In relation to Walnut Street today, a street which is almost entirely commercial from river to river, the houses of the Walnut-Chancellor District recall a period in our history of tremendous growth and assurance. Confident that they controlled their own destiny, the residents of Rittenhouse in its "Golden Age" were the sort who privately mounted a national Centennial Exhibition in 1876 when Congress did not provide timely funds; initiated a public referendum to relocate City Hall westward near Rittenhouse (perhaps reflecting their new influence) and supported the erection of the largest "public buildings" in the world at that time. The houses of Walnut-Chancellor reflected the aspirations and accomplishments of a manufacturing and mercantile aristocracy that was alert to the inventions and opportunities of the last half of the 19th century while eager to identify with European cultural influences. Many of the owners were quick to use mechanical lifts and electricity and one of them, John Wanamaker, revolutionized mass merchandising by creating in the U.S. what we know as the department store, initiating the practice of fixed prices on goods in his store, the Grand Depot, adjacent to the new City Hall under construction during the same years.
Banker and lawyer Jonathon D. Sergeant, merchant John Wanamaker, Caleb J. Milne and Herman P. Kremer, dry goods manufacturers, Craige Lippincott and James Elverson, publishers, and John Price Wetherill, manufacturer of white lead, were some of the notable Philadelphians who lived in the extant houses on the south side of Walnut St. The owners' carriage houses at the rear, 2006-32 Chancellor, formed a cohesive household-related environment, reflecting the social structure of the era. Gustavus A. Benson, lawyer and banker, District Attorney Peter F. Rothermel, William W. Porter, Judge of the Superior Court, Charles Whelen and Solomon Levy, stockbrokers, surgeon John Chalmers-DaCosta, Justice Cox, Jr., iron and steel merchant, and Jay Cooke, Jr., the financier, all lived in the houses on the north side of the street.2 The five houses on 21st Street, built in the l870s and l880s after the block's character was assured, completed the residential ensemble. The First Presbyterian Church (formerly Second Presbyterian) at the southeast corner of 21st and Walnut Streets forms the physical, architectural and social connection for the Walnut Street mansions, the Chancellor Street carriage houses, the houses on 21st Street and many of the people who lived there.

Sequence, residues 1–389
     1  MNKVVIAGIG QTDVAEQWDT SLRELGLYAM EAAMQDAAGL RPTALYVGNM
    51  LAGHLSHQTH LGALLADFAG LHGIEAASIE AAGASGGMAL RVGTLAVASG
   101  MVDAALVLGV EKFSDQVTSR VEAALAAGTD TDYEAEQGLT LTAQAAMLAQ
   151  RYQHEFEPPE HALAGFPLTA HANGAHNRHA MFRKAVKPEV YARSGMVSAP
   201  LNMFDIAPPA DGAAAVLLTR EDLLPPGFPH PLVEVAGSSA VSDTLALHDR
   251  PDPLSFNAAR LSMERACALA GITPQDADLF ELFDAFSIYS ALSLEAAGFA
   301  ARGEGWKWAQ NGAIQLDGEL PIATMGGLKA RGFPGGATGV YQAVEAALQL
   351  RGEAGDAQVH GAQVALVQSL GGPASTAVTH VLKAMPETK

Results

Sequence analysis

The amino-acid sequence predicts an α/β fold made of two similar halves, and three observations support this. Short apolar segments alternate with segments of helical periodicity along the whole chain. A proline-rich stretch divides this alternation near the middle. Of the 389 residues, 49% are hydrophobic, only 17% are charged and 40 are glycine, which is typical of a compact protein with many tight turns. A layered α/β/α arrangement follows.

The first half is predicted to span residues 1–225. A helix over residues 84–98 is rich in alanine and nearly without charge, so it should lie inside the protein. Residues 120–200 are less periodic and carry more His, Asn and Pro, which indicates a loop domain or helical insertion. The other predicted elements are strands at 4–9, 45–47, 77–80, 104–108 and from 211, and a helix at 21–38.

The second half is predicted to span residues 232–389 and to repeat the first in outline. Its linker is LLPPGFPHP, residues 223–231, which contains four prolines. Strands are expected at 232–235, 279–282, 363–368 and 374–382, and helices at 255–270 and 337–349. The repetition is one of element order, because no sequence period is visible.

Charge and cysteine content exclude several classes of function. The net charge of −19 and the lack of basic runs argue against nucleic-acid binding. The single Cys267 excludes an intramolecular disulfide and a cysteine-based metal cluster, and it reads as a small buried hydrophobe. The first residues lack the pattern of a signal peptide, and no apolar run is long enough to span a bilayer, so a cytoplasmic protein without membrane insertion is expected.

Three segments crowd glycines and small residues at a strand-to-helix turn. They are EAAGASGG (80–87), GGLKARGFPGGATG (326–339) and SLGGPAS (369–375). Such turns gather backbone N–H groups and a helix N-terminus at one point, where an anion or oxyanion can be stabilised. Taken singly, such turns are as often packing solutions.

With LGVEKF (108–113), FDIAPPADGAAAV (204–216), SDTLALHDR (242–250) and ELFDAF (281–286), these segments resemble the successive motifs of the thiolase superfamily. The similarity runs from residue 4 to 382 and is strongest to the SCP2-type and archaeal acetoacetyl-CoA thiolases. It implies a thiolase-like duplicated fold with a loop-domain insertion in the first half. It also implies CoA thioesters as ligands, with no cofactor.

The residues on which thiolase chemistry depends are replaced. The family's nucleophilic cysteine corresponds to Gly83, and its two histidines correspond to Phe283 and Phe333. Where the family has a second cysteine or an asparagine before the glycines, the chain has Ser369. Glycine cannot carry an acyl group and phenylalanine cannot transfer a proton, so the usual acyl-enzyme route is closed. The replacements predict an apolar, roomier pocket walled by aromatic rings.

The District is of great significance for the architectural historian because of the presence of several buildings by three major Philadelphia architects, Theophilus P. Chandler, Henry Sims and Frank Furness, each of whom is represented by one or more important works. T.P.Chandler is the architect of 3 buildings: the Scott-Wanamaker House of 1882, the chapel of the First Presbyterian Church of 1884, and the Sartain House of 1888 (2006). Collectively, these 3 buildings demonstrate the sophisticated design skills of Chandler, ranging from Renaissance Classicism to French and English Gothic styles, perhaps not surprising for the founder of the School of Architecture at the University of Pennsylvania and a graduate of the Ecole des Beaux Arts in Paris. Henry Sims is represented by his finest work, the First Presbyterian Church which, with its polychrome Gothic Revival stonework and remarkable wood truss-spanned interior, is a major landmark in the neighborhood. Two works by Frank Furness survive at the western end of the District. They are his tower for the Presbyterian Church of 1900 with its emphatic silhouette of exaggerated crockets, finials, and caricature gargoyles and the powerful polychrome molded and corbelled brick Hockley House of 1875. No other section of Philadelphia contains two such distinctive surviving designs by Furness nearly side by side. (Although a few altered buildings by Chandler and Furness and one church by Sims survive within a six-block radius of the District, they are scattered and cannot be seen in relation to each other.)